Late-War Luftwaffe Fighter Camouflage
Modellers' Paint Reference Guide
by Brett Green
Part Six of "Late War Luftwaffe Fighter Camouflage" presents a model paint reference guide for the RLM colours discussed in Parts One, Three, Four and Five. Some notes on enamel vs. acrylic paints and thinning paints for airbrushing are also included. Comments and additional mixing suggestions are most welcome.
It is important to note that a number of these German late-war camouflage paints displayed wide variations in colour and shade. This was particularly the case with the mixed "sky" colours and RLM 81 Brown-Violet. RLM 81 ranged in shade from a dark red-brown colour to a fairly pale olive drab.
To further complicate the matter, even standardised RLM colours suffered from fading, weathering and repairs; or simply looked different depending on the available light and the observers distance from the aircraft.
This means that the modeller will have to take into account the scale of the model, the condition of the paintwork on the subject aircraft and their personal preference for a light, dark or bright finish. A great many of these variables are entirely subjective. For the reasons stated above, the model paint guide may not strictly relate to the Federal Standard Equivalent colours noted for RLM colours in previous parts of this series. The "correct" colour is largely judged by the eye of the individual modeller.
The following table may assist the modeller to select their preference from a range of
possible shades and brands. My preferred mixing options are highlighted in green:
Table 1: Suggested RLM Model Paint Equivalents
.Another Mixing Suggestion
E. Brown Ryle of KommanDeur Decals has offered his suggestions for various shades of RLM 81 Brown-Violet.
Mix 50% AeroMaster RLM 81 and 50% Floquil RLM 81. Brown suggests that this colour should be used on the upper wings of < .+ -, W.Nr. 211934 and upper cowl of Black 3, W.Nr. 210239, on KommanDeur Decal sheets KD4801FD and KD4701FW respectively. He also notes that RLM 81 may be obtained by mixing RLM 70 Black Green with RLM 23 Red at a ratio of 5 parts Black-Green to 2 parts Red. This is one of the RLM 81 shades used in the Monogram Luftwaffe Painting Guide, and the colour Floquil used for its RLM 81.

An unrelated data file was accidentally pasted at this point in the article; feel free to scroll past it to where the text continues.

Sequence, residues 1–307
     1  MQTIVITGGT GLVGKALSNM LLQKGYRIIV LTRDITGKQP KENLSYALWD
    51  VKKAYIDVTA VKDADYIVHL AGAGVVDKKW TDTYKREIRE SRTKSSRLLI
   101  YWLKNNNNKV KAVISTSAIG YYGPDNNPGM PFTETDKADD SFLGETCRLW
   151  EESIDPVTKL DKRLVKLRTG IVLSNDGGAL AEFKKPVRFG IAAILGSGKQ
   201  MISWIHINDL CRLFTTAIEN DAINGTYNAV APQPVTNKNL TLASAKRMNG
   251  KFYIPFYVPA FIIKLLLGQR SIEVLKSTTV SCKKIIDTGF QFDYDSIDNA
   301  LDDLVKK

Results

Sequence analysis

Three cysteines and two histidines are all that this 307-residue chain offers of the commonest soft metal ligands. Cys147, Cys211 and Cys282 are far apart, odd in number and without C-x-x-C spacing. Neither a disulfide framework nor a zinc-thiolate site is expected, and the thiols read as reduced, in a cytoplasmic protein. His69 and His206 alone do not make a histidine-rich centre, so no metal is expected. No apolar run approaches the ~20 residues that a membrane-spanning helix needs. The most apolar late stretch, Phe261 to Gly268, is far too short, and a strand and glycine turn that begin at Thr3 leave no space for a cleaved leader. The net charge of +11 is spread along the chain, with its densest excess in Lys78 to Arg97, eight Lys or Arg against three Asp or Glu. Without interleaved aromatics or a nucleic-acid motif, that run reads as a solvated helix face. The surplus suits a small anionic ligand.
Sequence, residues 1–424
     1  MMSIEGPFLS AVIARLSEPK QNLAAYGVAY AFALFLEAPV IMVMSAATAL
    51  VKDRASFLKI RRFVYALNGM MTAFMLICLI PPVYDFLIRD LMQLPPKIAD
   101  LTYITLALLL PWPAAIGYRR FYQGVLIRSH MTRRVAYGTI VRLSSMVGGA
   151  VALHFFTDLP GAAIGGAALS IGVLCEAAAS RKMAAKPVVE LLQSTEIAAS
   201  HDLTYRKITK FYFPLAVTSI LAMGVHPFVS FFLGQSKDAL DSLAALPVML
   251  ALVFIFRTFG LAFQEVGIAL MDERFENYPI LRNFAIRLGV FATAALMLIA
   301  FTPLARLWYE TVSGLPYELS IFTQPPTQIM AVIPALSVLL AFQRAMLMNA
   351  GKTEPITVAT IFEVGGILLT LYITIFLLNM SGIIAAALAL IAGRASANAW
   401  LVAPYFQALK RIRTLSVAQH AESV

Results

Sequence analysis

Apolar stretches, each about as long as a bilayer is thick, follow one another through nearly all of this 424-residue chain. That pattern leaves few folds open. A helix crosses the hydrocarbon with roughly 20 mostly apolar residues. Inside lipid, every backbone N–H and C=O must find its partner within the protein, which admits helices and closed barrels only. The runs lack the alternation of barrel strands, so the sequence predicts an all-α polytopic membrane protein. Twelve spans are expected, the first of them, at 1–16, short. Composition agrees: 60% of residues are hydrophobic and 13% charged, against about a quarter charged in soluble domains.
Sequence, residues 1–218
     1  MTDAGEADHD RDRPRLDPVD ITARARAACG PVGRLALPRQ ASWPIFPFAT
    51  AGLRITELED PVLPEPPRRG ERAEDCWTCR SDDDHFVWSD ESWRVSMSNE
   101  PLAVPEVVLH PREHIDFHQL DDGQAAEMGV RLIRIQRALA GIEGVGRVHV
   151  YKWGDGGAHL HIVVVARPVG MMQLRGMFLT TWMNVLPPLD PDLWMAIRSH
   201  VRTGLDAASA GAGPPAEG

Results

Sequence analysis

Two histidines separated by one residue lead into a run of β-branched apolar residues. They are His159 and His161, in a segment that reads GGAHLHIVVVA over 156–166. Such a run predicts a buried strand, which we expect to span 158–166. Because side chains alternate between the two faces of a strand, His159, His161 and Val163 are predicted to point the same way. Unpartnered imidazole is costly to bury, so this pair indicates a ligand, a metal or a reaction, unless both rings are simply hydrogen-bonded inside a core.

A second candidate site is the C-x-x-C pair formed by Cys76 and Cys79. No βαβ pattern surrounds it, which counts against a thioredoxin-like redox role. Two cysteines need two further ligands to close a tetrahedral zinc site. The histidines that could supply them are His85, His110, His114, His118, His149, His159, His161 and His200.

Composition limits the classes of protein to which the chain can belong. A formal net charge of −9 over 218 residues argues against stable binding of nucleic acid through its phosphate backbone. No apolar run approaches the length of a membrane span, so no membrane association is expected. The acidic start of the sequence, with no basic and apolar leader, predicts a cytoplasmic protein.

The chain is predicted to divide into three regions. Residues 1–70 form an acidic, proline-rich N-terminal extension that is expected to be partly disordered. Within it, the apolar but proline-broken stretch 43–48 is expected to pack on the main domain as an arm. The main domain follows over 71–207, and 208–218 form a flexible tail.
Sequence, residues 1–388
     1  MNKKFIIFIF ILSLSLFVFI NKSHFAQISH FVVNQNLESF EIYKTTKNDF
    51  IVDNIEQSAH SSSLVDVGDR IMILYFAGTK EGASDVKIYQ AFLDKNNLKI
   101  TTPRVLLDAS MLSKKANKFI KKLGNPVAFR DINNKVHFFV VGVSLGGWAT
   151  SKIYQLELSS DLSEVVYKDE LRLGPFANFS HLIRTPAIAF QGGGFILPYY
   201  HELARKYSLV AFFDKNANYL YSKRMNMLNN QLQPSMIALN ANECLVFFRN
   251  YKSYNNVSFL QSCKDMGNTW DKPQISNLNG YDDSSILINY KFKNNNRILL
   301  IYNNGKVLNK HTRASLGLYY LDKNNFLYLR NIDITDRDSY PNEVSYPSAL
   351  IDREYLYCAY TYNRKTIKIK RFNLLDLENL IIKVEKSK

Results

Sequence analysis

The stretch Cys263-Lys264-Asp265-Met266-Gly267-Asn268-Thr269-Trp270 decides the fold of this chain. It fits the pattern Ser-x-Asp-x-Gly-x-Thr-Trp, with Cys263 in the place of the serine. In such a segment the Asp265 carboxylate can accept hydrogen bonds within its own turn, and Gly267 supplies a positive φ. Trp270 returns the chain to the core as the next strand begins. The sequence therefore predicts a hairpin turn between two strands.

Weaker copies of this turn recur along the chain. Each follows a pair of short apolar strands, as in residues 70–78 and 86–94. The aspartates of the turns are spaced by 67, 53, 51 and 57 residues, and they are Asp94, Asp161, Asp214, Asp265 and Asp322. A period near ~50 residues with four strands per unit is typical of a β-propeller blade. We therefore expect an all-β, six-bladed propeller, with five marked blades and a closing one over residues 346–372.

Enamel paints generally provide a tougher finish and a higher gloss, while acrylic
paints dry much faster and are less messy to clean up. Some modellers claim that acrylic
paints have a grainy finish and are more challenging when used for fine-line and mottle
work. However, I have had no problems getting a very good finish from acrylic paints. It
is entirely a matter of personal choice.
A Note on Thinning Paints
Model paints must be thinned for airbrushing.
The amount of thinner depends on many factors. These include the brand of paint, the temperature, the air pressure being used, the width of the desired spray and the required thickness of the paint coat. Most manufacturers will recommend a thinning ratio on the paint jar, but the best recipe for success is experimentation and practice. The typical ratio range of thinner to paint is probably between 20/80 and 50/50.
When spraying a Luftwaffe mottled finish, or fine-line work, a higher proportion of
thinner may be required.
Thinning enamel paints is pretty straightforward - Aeromaster, Humbrol, Tamiya and
Gunze all offer enamel thinners, or modellers may choose to use a generic brand of Mineral
Gunze and Tamiya Acrylic paints are quite tolerant to most thinners. I prefer to use either an iso-propylene alcohol thinner (actually a suspension base for medical creams available from pharmacies) or Tamiyas Acrylic Thinner, but other thinning media will work too. Methylated spirits may be used to thin acrylic paint but take care as it will accelerate the drying process. This may result in a slightly "chalky" finish. Water may also be used, but this will slow the drying process resulting in the risk of paint runs or overly thick coats.
Some acrylic paints are more temperamental. Aeromaster, Floquil, Polly "S" and Pactra acrylics may only be thinned with distilled water or Polly "S" thinners. Even then, when used for fine-line spraying, these paints will tend to clog in the airbrush and "string". One way to correct this problem is to add a few drops of Acrylic Retarder Medium to the thinned paint mix. This will slow the drying process enough to allow very fine work. Acrylic Retarder is available under many different brands from art supply shops.
The table above will be a starting point for these base colours. Happy painting!
Monochrome photograph Copyright (c) 1998, Charlie Swank. All rights reserved.
Material appearing within this document may not be copied, stored or reproduced in any
device or publication, in whole or in part, without the expressed written consent of the
Luftwaffe Fighter Camouflage - Part One
Commentary on the Evolution and Usage of
Luftwaffe RLM Colours 81, 82 & 83 by David E. Brown
and Painting a Late War Bf 109